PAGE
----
Aneesh and Adrian scintillate


Duo’s musical treat enchants listeners, says MALLI IYER

Three performances in Sydney within a fortnight brought forth a treat in percussion, as well as some melodious and classical sarod for the listening pleasure of music lovers.  It culminated with a sarod recital by Adrian McNeil accompanied by Aneesh Pradhan on the tabla.  A select audience at Macquarie University was enthralled by the tabla skills of Aneesh Pradhan, who is a highly accomplished soloist and a sensitive accompanist.

Aneesh is a disciple of the well-known tabla maestro, Sri Nikhil Ghosh and by his own admission, he wishes to go beyond the limits of tabla and rhythm, and will continue to learn new variations.  Aneesh is known to push the boundaries by experimenting with a blend of western music.  He has conducted cross-cultural experiments with the Asian Fantasy Orchestra, Japan in 1998 and 2000.  His accomplishments include several lecture demonstrations and workshops globally. He has been honoured with the Aditya Birla Kala Kiran Award for his tabla skill and the talented musician has written a book titled Indian Tabla – Ebook. He also composes music for television, dance and theatre audiences all over India.

Aneesh has also partnered in a venture called “Underscore Records” with Smt Shuba Mudgal, another well-known Hindustani classical vocalist.  Together they curate the festival, Baajaa Gaajaa from 21st Century India.  His current visit has been sponsored by the Department of Contemporary Music Studies, Macquarie University.

Adrian McNeil, a lecturer in Macquarie University, is a well-known sarod player living in SydneyAdrian has received intensive training with Ashok Roy in the Guru-Shishya parampara and his music is aligned to the “Maihar Gharana” which is associated with names like Ustad Ali Akbar Khan, Ustad Allauddin Khan and Ustad Enayat Khan. He has also received guidance from Sachindra Nath Roy and Dr. Ashoke Ranade, a renowned musicologist. Adrian has recorded music regularly for the Australian Broadcasting Corporation (ABC), and is the author of Inventing the Sarod – a cultural history. Adrian McNeil has a PhD in music and has played the sarod in major cities in India, accompanied by top level percussionists.

Adrian played Raag Bhimpalas to a Vilambit gat in Jhap Taal and to a Drut Gat in Teen Taal (16 beats). Between the two artistes, they gave a superb exposition for over an hour of ear-pleasing music.  Much to the delight of the audience, this was followed by a short tabla solo by Aneesh Pradhan to Teen Taal (16 maatras) which kept the audience glued to their seats.  Aneesh and Adrian concluded their evening performance with a dadra in Raag Kirvaani (which has a South Indian origin). Adrian introduced several raag variations, thus giving it a dimension of “raagamalika”.  Aneesh was equal to or was able to match these piece by piece, making the performance all the more enjoyable.  In conclusion, the audience was left yearning for more.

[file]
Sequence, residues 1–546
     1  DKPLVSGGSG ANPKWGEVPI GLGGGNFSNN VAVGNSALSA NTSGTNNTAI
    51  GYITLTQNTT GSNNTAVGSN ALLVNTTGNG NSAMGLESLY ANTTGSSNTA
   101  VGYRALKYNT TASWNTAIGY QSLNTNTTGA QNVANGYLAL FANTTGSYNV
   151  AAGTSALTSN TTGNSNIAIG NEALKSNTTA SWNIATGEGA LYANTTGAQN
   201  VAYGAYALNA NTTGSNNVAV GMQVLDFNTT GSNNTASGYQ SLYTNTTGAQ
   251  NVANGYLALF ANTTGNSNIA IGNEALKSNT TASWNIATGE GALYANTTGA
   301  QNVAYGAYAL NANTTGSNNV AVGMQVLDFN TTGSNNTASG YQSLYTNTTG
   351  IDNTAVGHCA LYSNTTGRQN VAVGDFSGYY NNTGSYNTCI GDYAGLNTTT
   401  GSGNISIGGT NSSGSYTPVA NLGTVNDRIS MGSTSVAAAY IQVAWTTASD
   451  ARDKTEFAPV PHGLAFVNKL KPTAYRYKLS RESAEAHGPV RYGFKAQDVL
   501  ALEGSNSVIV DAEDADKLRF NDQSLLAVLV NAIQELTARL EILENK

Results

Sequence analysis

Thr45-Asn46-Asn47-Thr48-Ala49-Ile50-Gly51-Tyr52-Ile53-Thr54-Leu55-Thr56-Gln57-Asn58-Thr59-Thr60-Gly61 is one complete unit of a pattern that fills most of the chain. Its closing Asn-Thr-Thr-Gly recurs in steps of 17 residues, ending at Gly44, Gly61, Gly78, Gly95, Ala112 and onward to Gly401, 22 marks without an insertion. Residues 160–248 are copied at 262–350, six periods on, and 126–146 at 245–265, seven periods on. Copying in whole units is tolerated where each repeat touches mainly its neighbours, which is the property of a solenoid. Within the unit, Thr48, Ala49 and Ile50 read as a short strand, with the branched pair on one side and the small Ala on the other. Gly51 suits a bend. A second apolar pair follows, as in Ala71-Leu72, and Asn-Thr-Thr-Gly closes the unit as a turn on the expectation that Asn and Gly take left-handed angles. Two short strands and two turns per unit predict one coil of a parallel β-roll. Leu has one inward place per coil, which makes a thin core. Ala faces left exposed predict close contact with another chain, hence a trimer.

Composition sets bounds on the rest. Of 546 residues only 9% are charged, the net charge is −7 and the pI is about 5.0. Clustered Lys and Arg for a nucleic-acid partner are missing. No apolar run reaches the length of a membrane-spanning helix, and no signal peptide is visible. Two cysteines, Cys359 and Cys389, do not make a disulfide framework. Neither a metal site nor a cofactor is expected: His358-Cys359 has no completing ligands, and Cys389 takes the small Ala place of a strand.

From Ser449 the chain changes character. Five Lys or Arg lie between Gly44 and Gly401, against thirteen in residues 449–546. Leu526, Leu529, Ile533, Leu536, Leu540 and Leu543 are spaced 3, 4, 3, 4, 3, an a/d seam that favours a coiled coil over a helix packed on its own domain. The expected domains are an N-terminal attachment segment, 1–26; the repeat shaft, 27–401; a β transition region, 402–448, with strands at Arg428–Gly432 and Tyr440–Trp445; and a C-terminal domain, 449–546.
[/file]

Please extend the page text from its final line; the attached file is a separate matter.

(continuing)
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  • Dear Shubhaji,A version of the rearsech that we have compiled . Will give you a copy in the evening,regards,GauriBefore we begin, lets take a quick look at two basic concepts in Hindustani classical music e2€“the Thaat and the Raga.As we are aware,the saptak or octave consists of 12 notes which includes the shuddh,komal and teevra notes.The thaat is a musical scale or a Parent scale. It comprises of different sets of a complete scale of seven notes .For a performer, Thaats have little significance but for a student of music, the system comes as a great help to understand the classification of ragas.What, then, is a Raga? It is most simply described as a set of notes, usually from five to seven notes, together with a set of rules to combine them effectively and create a particular mood.orA Raga has a specific melodic structure with arrangement of notes. Certain essential features are extremely necessary to establish a Raga . Possibly the most prominent feature of the Raga is that it should colour’ or please the minds of the listeners.Raaganga -The thaat is one way to classify ragas another way is raganga e2€“ here rather than the parental scale or the notes in the raga, melodic characteristics or features define whether a raga belongs in a particular raganga. Of course many of our ragas are ancient and the raganga classification was created much later e2€“ but it helps music lovers tremendously by providing a powerful framework of the thought processes that have guided the musician’s mind through the ages.Let us look at the Raganga Raga Kalyan. In Hindustani music, it is called by different names Yaman, Iman, Eman and Aiman. It is a sampoorna raga which means that it includes all the swarase2€“ Sa, Re, Ga, Ma, Pa, Dha and Ni. Let us look at the melodic characteristics of Raganga Raga Kalyan or YamanNi Re Ga Re SaGa Mae2€™ Pa Re SaMae2€™ Dha Ni Dha PaSa^ Ni Dha Ni Dha PaMae2€™ Pa Dha PaThese are the melodic characteristics that mark the Raganga Kalyan of which Raga Yaman is the flagship raga . Two other ragas that derive from this raganga are Raga Bhoop and Raga Shudh Kalyan.Khayal -Khayal literally comes from the Persian for thought or imagination. The essential component of a khayal is a composition (Bandish or cheez ) and the expansion of the text of the composition within the framework of the raga which is called e2€˜badhat e2€˜ or e2€˜vistaare2€™. A Khayal typically begins with the alap which is that section of music that plays with the notes of the Ragaang which show the typical characteristics of the raag being presentedWe will be presenting a chota khayal in Raag Yaman in drut teental to be followed by a Tarana.A Taraana is a fast paced composition which doesne2€™t have lyrics but uses pnemonic syllables like e2€˜nome2€™ tome2€™ e2€˜tananae2€™ . Taraana is a musical device that can be observed in sitar, sarod presentations as also in Dance . One of the theories of its origin we learnt during this workshop was that Dhrupadias who taught their art to the beenkars( instrumentalists/veena players) didne2€™t want to fully disclose all their musical secrets so instead of teaching lyrics taught in the form of pnemonics . Interestingly, Taranas can be observed in other forms of music as well. In jazz there is a technique called e2€˜ scattinge2€™ where the singer tries to improvise with what the saxophone/trumphet is playing .We shall then move on to a Nirguni Bhajan in Adhha Teental . This a bhajan written by Swami Dharamdas , a prominent disciple of Sant Kabir who wrote in the 13th century A.D.(An interesting poem that we found by Sahajo Bai , disciple of Dharamdas ). I can abandon God, but I would not forsake my guru. God is not the equal of my guru. God has given me birth into this world. My guru has freed me from the cycle of birth and death. God gave me five thieves. My guru freed me from them when I was helpless. God threw me into the net of family. My guru cut away the chains of attachments. God ensnared me in desire and disease. My guru has freed me from all this by initiating me. God made me to wander in the illusion of doing. My guru showed me my being. God hid himself from me. My guru gave me a lamp to illuminate him. Above all, God created this duality of bondage and freedom. My guru destroyed all these illusions. I offer myself, body, mind and soul At the feet of my Guru Charandas. I can abandon God, but I can never abandon my guru. Sahajo Bai is singing in praise of her guru who liberated her from all the bondage and worldly illusions.We would like to present a beautiful composition that we learnt last year e2€“ this is a lilting Kajri in Maajh Khamaaj . Deepachandi Taal .